An anterior placenta is the most difficult settings for FLP, i.e., it becomes quite difficult to confirm the anastomoses and to ablate the vessels, because of the tangential angle of target vessels and fetoscope alignment. Quintero et al. [16] originally proposed the technique of trocar-assisted selective laser photocoagulation. The rigid trocar is gently inserted behind the anteriorly located placenta by withdrawing the scope within the trocar a short distance, where the angle is adequate to ablate the vessels, as it is perpendicular by the technique, pushing the trocar close to the target vessel. At this point, the anastomoses can be easily ablated because the target vessel and fetoscope are perpendicular rather than tangential. The trocar-assisted technique has three benefits: (1) It allows perpendicular rather than tangential alignment of the target vessels; (2) Reduction of the blood flow in large communicating vessels (Figure 2). The pressure exerted by the trocar reduces the flow and allows for ablation with less laser energy; and (3) the technique is possible to avoid inadvertent injury to the fetus and dividing membrane for safe ablation of the target vessels. One type of fetoscope can be used without the trocar, i.e., an appropriate fetoscope can be selected, i.e., 0 degree, 30 degree, or 70 degree is selected for an anterior placenta. Furthermore, both Richard Wolf and Karl Storz instruments fit a 3.8 mm cannula.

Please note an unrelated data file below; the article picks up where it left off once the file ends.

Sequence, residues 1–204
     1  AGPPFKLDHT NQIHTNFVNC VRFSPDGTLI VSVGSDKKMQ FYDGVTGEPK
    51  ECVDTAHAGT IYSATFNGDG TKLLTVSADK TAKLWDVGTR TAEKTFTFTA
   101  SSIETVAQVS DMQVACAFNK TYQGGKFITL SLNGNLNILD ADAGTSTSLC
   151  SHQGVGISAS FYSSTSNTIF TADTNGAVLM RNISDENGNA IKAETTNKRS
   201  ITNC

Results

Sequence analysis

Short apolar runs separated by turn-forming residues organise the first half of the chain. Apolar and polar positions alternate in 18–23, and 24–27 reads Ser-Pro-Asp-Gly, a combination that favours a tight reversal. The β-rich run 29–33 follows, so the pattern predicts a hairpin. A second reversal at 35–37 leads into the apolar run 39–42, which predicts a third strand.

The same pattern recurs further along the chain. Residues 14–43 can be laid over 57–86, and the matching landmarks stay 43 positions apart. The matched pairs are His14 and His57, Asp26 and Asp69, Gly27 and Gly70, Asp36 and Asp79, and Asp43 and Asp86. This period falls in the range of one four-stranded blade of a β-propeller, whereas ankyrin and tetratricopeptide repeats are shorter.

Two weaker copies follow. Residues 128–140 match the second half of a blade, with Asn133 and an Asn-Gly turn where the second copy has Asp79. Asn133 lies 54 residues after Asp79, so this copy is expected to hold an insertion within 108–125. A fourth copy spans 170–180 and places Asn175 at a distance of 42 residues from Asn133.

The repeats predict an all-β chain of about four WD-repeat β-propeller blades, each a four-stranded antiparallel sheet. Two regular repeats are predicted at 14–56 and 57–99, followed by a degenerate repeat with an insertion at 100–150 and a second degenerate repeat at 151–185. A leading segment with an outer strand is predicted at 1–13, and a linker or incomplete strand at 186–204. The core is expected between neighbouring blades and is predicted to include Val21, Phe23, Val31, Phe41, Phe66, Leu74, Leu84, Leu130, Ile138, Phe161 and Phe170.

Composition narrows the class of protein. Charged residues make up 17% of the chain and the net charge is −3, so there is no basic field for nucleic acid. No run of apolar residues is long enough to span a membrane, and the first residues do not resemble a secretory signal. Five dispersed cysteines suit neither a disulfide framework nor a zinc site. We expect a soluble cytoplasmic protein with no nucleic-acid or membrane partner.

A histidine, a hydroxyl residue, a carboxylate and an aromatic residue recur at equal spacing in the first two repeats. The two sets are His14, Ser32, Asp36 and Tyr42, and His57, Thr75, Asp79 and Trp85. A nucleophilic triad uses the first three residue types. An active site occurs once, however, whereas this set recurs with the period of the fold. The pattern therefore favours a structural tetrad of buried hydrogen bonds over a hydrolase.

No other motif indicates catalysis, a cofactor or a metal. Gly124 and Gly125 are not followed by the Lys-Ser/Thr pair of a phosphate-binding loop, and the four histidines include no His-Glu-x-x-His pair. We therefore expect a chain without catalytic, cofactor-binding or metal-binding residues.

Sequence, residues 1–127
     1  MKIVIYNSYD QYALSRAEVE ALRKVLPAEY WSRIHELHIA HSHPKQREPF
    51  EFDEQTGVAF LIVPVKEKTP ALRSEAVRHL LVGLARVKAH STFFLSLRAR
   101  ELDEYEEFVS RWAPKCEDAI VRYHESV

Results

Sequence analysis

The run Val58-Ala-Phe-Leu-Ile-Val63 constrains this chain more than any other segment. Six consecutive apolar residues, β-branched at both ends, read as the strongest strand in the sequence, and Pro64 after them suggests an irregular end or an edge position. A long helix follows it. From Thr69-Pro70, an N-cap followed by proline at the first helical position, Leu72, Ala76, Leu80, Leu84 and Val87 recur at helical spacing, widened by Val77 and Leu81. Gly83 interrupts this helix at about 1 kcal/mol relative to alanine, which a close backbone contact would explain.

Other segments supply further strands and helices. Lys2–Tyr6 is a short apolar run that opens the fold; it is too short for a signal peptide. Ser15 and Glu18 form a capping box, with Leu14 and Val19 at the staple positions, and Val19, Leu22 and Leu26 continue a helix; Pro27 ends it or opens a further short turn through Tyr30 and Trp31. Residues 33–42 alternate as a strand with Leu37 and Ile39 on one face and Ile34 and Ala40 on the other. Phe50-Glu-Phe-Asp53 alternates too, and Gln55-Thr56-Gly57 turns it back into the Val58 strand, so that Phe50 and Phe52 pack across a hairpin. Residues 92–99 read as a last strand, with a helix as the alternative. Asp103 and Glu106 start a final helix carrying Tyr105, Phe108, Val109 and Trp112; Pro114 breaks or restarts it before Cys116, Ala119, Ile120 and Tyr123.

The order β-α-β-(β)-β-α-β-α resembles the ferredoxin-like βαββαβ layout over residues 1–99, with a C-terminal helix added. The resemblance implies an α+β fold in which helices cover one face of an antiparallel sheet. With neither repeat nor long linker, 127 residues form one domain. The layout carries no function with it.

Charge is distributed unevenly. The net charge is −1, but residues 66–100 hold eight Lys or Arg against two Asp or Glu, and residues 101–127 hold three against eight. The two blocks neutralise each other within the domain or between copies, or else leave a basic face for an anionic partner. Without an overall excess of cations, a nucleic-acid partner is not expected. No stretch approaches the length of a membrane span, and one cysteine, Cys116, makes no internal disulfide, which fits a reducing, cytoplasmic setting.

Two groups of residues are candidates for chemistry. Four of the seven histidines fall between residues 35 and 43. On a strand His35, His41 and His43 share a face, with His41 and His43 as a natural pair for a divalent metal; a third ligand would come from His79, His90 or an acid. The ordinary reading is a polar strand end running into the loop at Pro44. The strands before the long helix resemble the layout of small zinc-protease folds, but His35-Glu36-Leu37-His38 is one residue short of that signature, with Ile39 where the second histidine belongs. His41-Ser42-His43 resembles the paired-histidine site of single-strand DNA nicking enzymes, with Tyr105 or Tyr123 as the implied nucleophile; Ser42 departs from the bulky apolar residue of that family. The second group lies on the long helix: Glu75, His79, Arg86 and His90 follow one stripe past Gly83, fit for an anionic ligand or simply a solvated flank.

Figure 2: Trocar assisted technique.

The rigid trocar is gently inserted behind the anteriorly located placenta withdrawing the fetoscope in the trocar for a short distance. The perpendicular angle is adequate to ablate the vessels after the trocar assisted technique.

Line drawing methods

A virtual line should be drawn with the laser at the hemodynamic equator, but not the membrane equator, to avoid residual anastomoses (Figure 2). The technique is also reported as the Solomon technique; which is a trial currently ongoing to test this method in Europe (, trial ID: NTR1245). Small anastomoses are not missed by the virtual line method. First, selective laser ablation is performed to avoid residual anastomoses at each vascular end of anastomotic vessels and to avoid residual anastomoses. Second, the technique constructs a dotted line with the laser; and finally forms a virtual line with the laser along the hemodynamic equator (Figure 3). The technique draws the doted line with laser ablation along with the hemodynamic equator, creating the dichorionized placenta.


Figure 3: Line drawing method.

TTTS patients